Protests in support of Myanmar's Rohingya Muslims have inflamed Russia's heavily Muslim Northern Caucasus. Chechen President Ramzan Kadyrov exploited the situation to position himself as a religious-political leader, by acting as the guarantor of Muslims' rights. According to the Russian media outlet Gazeta.ru, the authorized September 4 demonstration in Grozny, in which more than one million people participated, took Kadyrov's political agenda to a new level. Grazeta.ru stated that the leader of Chechnya established himself as an official voice of the Muslim Ummah in Russia, while simultaneously demonstrating his mobilization capabilities.
Commenting on the pro-Rohingya rallies, Russian analyst Fyodor Lukyanov stated that considering the growing role and influence of Russia' Muslim communities, the authorities cannot ignore their moods. Lukyanov further said: "Moreover, Ramzan Kadyrov, an influential Muslim-politician, expresses the moods [of the Islamic community in the Russian Federation]." He then warns that until now Kadyrov acted within the framework of state policy, but by supporting pro-Rohingya rallies, the Chechen president tries to impose on Moscow his own foreign policy, placing Russia in a difficult situation vis-à-vis its partner, China, which is also Myanmar's sponsor. This is a new and dangerous development. 
The following are excerpts of an analysis on Kadyrov's growing political ambitions, titled "The President Of Russian Muslims," and published by the Russian newspaper Vedomosti:
Ramzan Kadyrov with Russian President Vladimir Putin (Source: Stav.kp.ru)
"Ramzan Kadyrov has hinted for some time that he wouldn't mind being a religious –political leader ona greater scale, than the Chechen presidency. The new project of protecting Myanmar's oppressed Muslims displays this ambition as well as appropriate resources more vividly…
"It's not the first time Kadyrov speaks on behalf of all [Russian] Muslims… He also tries to develop friendly relations with the ruling elites of the Persian Gulf monarchies, supports the haj of the [Russian] Muslims to Mecca and protects the rights of the Muslim population. Positioning himself as a 'defender of Muslims' opens new horizons – not only to his republic, but also on a state scale.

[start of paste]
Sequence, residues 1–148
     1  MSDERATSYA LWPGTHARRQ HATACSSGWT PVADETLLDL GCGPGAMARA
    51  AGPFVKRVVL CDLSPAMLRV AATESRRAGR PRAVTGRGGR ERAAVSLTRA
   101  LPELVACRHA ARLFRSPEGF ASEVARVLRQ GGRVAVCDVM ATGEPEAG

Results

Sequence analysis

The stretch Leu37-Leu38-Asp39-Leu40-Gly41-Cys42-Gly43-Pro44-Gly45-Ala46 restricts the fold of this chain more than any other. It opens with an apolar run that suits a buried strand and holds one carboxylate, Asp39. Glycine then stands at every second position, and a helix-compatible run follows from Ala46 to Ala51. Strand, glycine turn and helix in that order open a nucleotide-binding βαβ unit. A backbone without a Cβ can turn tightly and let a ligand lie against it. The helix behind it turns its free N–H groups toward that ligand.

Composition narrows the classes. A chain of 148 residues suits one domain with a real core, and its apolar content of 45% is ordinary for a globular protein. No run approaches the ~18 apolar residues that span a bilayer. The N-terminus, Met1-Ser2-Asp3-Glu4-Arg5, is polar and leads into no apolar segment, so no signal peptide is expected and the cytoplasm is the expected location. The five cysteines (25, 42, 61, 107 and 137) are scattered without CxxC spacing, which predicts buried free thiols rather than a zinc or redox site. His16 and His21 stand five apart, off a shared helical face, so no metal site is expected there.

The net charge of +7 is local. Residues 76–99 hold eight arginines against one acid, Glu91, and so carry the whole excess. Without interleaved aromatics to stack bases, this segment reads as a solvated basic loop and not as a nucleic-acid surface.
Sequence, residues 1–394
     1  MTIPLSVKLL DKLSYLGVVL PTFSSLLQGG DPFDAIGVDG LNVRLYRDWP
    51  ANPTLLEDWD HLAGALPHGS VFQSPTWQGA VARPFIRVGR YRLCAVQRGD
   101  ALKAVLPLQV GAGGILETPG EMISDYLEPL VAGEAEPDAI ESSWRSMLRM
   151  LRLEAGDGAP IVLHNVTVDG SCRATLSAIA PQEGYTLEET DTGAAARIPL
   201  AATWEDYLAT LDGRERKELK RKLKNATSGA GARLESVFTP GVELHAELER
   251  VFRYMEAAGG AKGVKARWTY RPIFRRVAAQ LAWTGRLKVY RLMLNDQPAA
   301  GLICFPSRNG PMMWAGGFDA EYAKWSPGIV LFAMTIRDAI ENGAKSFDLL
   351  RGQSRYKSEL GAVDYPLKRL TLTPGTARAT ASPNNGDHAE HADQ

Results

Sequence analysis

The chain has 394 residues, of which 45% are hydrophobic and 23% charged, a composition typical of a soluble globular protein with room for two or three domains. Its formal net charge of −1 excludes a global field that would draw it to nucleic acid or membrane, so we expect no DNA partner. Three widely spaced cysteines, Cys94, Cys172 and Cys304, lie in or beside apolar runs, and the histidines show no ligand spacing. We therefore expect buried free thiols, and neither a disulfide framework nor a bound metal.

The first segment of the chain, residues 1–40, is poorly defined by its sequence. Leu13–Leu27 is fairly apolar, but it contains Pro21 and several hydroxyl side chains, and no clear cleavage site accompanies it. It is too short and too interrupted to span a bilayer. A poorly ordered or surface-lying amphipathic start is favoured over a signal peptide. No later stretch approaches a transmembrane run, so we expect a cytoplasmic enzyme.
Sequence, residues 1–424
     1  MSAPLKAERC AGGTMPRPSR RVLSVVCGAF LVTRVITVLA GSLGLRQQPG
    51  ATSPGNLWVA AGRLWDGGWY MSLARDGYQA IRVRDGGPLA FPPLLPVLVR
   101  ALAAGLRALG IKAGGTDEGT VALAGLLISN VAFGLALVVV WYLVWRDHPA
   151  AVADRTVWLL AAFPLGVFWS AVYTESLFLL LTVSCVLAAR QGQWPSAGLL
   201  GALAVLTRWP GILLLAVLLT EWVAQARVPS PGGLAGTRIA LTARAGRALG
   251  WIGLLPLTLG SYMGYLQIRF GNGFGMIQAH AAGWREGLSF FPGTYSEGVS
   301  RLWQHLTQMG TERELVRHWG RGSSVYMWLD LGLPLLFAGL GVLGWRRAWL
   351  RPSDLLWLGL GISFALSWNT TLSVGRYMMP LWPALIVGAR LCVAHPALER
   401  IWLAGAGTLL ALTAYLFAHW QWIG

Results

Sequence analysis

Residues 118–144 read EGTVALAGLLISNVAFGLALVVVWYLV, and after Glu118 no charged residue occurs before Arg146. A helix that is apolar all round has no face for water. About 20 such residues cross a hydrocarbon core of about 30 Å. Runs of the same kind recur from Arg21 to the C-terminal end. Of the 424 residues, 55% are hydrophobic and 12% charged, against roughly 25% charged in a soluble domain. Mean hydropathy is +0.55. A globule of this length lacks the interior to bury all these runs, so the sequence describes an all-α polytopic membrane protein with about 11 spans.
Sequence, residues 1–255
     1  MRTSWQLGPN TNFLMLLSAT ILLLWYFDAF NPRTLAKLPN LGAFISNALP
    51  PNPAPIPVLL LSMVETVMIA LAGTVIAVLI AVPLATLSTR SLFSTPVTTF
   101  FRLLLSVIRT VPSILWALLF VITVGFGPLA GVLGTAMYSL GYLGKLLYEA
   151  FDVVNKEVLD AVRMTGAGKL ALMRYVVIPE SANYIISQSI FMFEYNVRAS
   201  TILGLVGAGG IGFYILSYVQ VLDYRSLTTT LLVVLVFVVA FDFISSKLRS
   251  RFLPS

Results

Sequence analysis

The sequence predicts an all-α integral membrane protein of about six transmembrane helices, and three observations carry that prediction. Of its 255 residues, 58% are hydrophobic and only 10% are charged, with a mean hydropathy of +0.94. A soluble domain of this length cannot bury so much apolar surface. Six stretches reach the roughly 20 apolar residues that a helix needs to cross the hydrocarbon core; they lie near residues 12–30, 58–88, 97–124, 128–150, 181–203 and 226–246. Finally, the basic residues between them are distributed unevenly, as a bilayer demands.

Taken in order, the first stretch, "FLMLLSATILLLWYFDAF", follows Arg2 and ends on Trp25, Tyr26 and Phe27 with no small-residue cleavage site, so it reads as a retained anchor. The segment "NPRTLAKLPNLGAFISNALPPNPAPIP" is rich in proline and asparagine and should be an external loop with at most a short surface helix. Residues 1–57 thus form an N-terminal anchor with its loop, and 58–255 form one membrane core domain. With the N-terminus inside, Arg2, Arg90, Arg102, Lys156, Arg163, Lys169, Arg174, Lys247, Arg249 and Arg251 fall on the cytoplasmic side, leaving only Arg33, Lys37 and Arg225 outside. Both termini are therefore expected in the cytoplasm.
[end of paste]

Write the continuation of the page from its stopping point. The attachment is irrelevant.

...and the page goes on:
"Compared to official heads of Russian Islamic organizations, who are no more that loyal clerks, going unnoticed by the media, Kadyrov looks like a young, active and military leader.
"Apparently, this is Kremlin's problem. Russia and China in January 2017 blocked the draft resolution of the UNSC, condemning the government of Myanmar… Definitely, on the official diplomatic level Russia's position is not going to change, but Kadyrov makes no claim to the official level. So the question is what to do with his fast growing unofficial status and resources - millions of Russian Muslims are apparently influenced by him and not only Russian Muslims…
"[The September 4] demonstration in Grozny attests to Kadyrov's ambitions to receive a new status and authority, his desire to alter his status from a regional leader to the status of an internationally recognized religious–political leader, says Alexey Malshenko, expert in Islamic affairs… Kadyrov has created a very attractive image for Islam-oriented youth, which perceives him as a leader who violates – with impunity– a code of conduct of a regional leader. His influence goes far beyond the Chechen borders…
"This is a very dangerous development. First, it gives a regional republic leader access to international politics, which is disproportionate to his formal status and is the domain of the president himself. Second, this is a situation of a potential conflict with official Islamic leaders, who traditionally call on Ummah to practice moderation and condemn radicalism. Here, Kadyrov pops up with quite radical statements… If, let's say, any Imam said that during a sermon in the mosque, he would be criminally prosecuted… It's clear that Kadyrov utilizes any possibility to be sought-after, while this new role is just another chance to enhance his political capital. He gets additional resources, one more agenda – in a sphere of low potential control by the state. This in turn intensifies the risks of reduced governability."